In a recent study published in the Emerging Infectious Disease Journal, researchers detected a swine influenza A virus (IAV)-infected patient in routine surveillance at the National Influenza Center in Denmark. The detected influenza variant appeared distinct from any variant found previously in Denmark.
As per official records, during the 2021–22 influenza season, 16,160 cases in Denmark were due to the influenza A virus, predominantly the H3N2 subtype. During this time, no cases of swine-origin influenza virus occurred in humans. Since the 2009 influenza A(H1N1) pandemic, no reports of persistent human-to-human IAVs transmission have come to light. Also, there have been only sporadic reports of human infections with swine IAVs. Yet, the zoonotic potential of IAVs is highly concerning.
A young man in his 50s, working at a swine abattoir in Denmark, was hospitalized after acute onset of illness on November 24, 2021. He had dizziness in the night, followed by chest pain, pain radiating toward the left arm, diarrhea, and malaise, but no fever. The patient suffered repeated convulsions and had to be admitted to the intensive care unit (ICU) and put on ventilation to cease seizures and manage declining oxygen levels.
He had no cardiovascular, kidney, neurological, or other impairment, including pneumonia, that could rationalize his sudden bout of severe illness. However, a pharynx swab sample of the patient tested positive for IAV. Notably, no other coworker at the patient’s workplace reported the incidence of influenza.
With antiviral medication (oseltamivir) and supportive treatments, the patient’s clinical condition improved over the next two days, so he was discharged from the hospital. The researchers submitted the remaining sample material to the Danish National Influenza Center, which confirmed it was positive for the pandemic H1N1 strain.
Further analysis by whole-genome sequencing revealed its consensus sequence to be of the H1N1 subtype. Notably, the virus was more similar to swine IAVs than human influenza strains. The team uploaded this sequence to the global initiative on sharing all influenza data (GISAID) database.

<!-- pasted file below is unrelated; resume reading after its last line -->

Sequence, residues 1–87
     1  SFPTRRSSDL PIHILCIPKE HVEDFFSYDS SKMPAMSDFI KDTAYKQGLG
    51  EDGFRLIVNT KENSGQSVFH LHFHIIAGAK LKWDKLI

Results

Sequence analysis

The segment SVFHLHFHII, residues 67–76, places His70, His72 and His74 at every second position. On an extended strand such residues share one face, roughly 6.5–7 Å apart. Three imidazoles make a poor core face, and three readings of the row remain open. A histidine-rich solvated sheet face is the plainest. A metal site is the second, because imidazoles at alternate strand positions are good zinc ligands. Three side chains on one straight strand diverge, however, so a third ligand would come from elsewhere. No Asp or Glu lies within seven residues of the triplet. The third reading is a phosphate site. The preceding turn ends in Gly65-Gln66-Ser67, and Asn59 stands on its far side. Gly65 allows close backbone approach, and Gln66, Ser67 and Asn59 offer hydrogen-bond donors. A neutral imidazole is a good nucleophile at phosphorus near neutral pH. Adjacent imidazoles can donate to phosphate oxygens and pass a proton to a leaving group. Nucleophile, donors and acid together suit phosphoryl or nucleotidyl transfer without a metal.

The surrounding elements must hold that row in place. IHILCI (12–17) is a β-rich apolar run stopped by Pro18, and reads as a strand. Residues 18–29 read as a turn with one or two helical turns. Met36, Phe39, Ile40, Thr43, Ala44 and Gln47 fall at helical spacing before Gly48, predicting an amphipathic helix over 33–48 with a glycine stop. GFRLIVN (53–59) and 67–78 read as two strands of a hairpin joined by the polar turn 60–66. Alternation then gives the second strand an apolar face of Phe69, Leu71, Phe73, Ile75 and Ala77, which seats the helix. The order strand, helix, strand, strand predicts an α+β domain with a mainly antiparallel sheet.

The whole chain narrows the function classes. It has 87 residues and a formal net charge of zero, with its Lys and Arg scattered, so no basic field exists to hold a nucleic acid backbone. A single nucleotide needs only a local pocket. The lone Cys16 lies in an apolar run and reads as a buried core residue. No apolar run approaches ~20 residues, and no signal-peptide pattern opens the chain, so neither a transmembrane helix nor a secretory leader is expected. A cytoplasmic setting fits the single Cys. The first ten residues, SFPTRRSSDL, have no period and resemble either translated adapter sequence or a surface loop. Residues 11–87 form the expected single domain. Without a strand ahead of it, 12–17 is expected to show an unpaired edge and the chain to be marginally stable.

The sequence had no match to IAV sequences in GISAID, as revealed by the Basic Local Alignment Search Tool (BLAST) searches; however, a comparison to in-house sequences of swine influenza viruses from Denmark showed a close resemblance to 2021 swine IAVs. This viral strain had several genetic and antigenic differences from other influenza A viruses detected in Denmark. Also, it had poor reactogenicity to the currently used human seasonal influenza vaccines. Furthermore, its phylogenetic analyses revealed that most gene segments were similar to the H1N1 subtype. On the contrary, its neuraminidase and non-structural segments belonged to the clade 1C avian-like swine influenza A(H1N1) found in Eurasia.
Earlier in Denmark, an elderly patient with comorbidities experienced classical influenza-like illness (ILI). However, the reported case in this study was unique because a previously healthy adult experienced severe and sudden illness. Another distinct observation was that this patient experienced convulsions, which are rare in adults and typically accompanied by fever or encephalitis. Therefore, the infecting viral strains in these two cases are likely genetically distinct.
Detection of a variant IAV via routine surveillance highlighted the importance of continuous monitoring of both human and swine IAVs with zoonotic potential. Additionally, it underscored the need to promptly take countermeasures for those who come in contact with swine owing to their occupation and experience ILI.